Immunology

Energizing the immune system to eat cancer

Immune cells called macrophages are supposed to serve and protect, but cancer has found ways to put them to sleep. Now researchers at the Abramson Cancer Center of the University of Pennsylvania say they've identified how ...

Genetics

Genes affect where fat is stored

A recent study from Uppsala University has found that genetic factors influence whether people store fat around the trunk or in other parts of your body, and that this effect is predominant in women and much lower in men. ...

Arthritis & Rheumatism

Radiographic knee osteoarthritis tied to increased risk for death

(HealthDay)—Radiographic knee osteoarthritis (RKOA) is associated with an increased risk for mortality from cardiovascular disease (CVD), diabetes, and renal diseases, but self-reported OA is not, according to a study published ...

Health

Eat to live, not to shrink

There are almost eight billion people on Earth and possibly 9 billion ideas of the perfect diet but there is no scientific proof the latest fad diet will work.

Medical research

As the oceans rise, so do your risks of breast cancer

It is encouraging to see greater attention in the media to the issue of climate change and its effects on the life-support systems of the planet. The link between breast cancer and the environment, however, is being overlooked.

Cardiology

Taking medicine for a cold? Be mindful of your heart

Flu has so far infected more than 6 million Americans this season, and winter colds are making their rounds. If you've been hit by either, you may be thinking about heading to your local pharmacy to relieve your aches, pains ...

Neuroscience

Cardiometabolic risk up with tourette, chronic tic disorder

(HealthDay)—Patients with Tourette syndrome (TS) or chronic tic disorder (CTD) have an increased risk for developing at least one metabolic or cardiovascular disorder, according to a study published online Jan. 14 in JAMA ...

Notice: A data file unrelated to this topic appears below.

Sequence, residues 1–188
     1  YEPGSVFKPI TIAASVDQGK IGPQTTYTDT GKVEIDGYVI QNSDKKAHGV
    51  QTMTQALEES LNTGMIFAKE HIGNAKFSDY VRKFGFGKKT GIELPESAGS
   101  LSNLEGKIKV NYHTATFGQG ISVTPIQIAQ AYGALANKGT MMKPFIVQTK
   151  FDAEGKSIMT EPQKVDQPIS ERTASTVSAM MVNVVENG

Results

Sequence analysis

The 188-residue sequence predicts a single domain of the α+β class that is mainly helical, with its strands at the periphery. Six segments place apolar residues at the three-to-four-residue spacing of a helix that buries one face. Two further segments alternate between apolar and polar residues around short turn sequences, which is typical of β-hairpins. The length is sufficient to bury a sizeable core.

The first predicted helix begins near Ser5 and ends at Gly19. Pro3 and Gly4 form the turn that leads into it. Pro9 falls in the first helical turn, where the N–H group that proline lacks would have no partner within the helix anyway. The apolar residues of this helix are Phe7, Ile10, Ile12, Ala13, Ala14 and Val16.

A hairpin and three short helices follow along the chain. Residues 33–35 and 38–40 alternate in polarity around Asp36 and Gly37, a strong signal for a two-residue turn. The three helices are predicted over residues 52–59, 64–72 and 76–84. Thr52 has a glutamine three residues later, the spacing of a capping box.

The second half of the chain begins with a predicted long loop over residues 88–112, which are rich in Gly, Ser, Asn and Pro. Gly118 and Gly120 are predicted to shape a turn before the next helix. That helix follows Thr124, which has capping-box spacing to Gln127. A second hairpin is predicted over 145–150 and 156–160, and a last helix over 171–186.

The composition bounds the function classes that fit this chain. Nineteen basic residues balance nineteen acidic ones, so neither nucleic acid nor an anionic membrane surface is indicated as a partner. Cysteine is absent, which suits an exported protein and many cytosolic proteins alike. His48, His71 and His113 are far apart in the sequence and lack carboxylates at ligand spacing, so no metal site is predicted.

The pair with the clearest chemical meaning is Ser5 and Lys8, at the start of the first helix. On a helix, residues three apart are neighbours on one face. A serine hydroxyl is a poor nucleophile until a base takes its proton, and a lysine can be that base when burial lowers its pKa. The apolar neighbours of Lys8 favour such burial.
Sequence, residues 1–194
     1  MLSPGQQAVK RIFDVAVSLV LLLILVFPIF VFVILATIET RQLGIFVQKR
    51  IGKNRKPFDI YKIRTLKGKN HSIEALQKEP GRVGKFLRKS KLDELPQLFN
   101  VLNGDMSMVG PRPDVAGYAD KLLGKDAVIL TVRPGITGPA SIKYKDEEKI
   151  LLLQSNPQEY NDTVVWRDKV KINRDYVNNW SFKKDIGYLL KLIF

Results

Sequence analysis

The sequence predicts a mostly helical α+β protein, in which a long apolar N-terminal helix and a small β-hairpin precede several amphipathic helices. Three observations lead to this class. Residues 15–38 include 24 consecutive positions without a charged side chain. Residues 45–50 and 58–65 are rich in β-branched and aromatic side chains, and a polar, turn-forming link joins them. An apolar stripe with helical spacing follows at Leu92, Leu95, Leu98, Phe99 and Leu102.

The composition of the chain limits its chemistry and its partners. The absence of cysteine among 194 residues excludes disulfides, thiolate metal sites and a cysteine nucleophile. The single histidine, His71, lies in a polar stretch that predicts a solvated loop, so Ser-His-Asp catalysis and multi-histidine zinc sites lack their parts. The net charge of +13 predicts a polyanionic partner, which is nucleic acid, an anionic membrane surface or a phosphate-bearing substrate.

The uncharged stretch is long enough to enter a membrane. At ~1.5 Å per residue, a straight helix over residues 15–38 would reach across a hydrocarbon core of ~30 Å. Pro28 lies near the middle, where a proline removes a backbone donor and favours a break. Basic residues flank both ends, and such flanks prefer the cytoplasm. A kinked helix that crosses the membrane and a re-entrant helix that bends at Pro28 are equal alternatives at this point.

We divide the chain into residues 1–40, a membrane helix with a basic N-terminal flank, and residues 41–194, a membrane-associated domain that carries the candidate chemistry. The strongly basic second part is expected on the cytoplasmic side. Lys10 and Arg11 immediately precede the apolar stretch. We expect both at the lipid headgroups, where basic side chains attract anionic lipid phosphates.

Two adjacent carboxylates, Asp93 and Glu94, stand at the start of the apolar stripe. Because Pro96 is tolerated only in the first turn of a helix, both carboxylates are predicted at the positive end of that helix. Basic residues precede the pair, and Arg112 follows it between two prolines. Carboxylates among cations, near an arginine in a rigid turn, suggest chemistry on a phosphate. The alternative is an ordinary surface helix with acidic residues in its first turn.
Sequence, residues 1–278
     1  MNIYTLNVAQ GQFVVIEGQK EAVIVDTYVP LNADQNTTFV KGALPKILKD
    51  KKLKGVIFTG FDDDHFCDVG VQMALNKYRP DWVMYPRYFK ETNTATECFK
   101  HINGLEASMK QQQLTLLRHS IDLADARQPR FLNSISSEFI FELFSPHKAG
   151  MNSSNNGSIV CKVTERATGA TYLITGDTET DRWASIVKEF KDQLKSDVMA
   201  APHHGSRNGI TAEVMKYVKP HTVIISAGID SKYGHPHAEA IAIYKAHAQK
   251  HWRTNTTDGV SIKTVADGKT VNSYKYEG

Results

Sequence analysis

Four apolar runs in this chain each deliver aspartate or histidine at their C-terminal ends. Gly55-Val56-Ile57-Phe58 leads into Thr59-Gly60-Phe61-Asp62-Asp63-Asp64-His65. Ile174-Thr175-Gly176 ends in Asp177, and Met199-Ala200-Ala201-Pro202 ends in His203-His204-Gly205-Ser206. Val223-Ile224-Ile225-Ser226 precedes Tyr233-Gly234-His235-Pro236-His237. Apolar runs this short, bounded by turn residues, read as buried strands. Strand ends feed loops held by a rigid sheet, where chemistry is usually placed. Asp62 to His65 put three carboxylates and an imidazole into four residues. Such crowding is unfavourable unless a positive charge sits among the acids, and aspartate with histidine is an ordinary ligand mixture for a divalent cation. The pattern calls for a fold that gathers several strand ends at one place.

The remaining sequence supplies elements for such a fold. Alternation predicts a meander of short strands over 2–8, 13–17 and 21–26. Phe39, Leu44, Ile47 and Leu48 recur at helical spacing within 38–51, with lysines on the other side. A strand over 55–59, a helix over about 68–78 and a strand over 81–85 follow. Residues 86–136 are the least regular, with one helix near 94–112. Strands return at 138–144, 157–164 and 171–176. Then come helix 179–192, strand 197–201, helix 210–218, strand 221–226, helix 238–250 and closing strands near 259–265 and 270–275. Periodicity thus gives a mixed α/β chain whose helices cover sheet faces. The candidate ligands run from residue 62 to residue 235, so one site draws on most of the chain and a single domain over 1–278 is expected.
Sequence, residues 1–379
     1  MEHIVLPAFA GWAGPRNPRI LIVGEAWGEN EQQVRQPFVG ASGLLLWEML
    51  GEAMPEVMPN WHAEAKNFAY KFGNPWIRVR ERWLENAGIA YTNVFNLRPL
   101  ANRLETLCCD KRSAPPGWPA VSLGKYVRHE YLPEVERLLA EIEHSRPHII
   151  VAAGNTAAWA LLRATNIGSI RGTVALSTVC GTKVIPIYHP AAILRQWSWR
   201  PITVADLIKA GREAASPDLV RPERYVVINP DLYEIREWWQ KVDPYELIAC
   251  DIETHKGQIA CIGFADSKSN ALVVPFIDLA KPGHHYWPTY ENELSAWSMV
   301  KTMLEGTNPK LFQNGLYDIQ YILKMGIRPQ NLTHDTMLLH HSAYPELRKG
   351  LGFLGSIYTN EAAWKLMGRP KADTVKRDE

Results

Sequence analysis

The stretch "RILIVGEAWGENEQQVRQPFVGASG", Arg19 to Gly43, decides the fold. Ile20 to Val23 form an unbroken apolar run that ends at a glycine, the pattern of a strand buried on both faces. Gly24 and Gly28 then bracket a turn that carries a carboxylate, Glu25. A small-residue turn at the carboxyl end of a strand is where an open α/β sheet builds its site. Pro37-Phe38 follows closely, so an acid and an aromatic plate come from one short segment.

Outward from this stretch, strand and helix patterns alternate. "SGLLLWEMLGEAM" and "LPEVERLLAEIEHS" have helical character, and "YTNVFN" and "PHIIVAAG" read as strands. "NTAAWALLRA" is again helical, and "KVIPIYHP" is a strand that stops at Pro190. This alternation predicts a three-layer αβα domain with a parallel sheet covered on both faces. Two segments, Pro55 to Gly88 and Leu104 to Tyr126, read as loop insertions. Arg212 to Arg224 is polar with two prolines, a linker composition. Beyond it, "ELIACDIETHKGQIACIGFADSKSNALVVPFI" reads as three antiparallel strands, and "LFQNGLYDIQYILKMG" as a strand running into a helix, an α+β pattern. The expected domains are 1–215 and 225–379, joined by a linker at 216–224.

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Cardiovascular disease or heart disease are a class of diseases that involve the heart or blood vessels (arteries and veins). While the term technically refers to any disease that affects the cardiovascular system (as used in MeSH C14), it is usually used to refer to those related to atherosclerosis (arterial disease). These conditions usually have similar causes, mechanisms, and treatments.

Cardiovascular diseases remain the biggest cause of deaths worldwide, though over the last two decades, cardiovascular mortality rates have declined in many high-income countries but have increased at an astonishingly fast rate in low- and middle-income countries. The percentage of premature deaths from cardiovascular disease range from 4% in high-income countries to 42% in low-income countries. More than 17 million people died from cardiovascular diseases in 2008. Each year, heart disease kills more Americans than cancer. In recent years, cardiovascular risk in women has been increasing and has killed more women than breast cancer. (PDAY) showed vascular injury accumulates from adolescence, making primary prevention efforts necessary from childhood.

By the time that heart problems are detected, the underlying cause (atherosclerosis) is usually quite advanced, having progressed for decades. There is therefore increased emphasis on preventing atherosclerosis by modifying risk factors, such as healthy eating, exercise, and avoidance of smoking.

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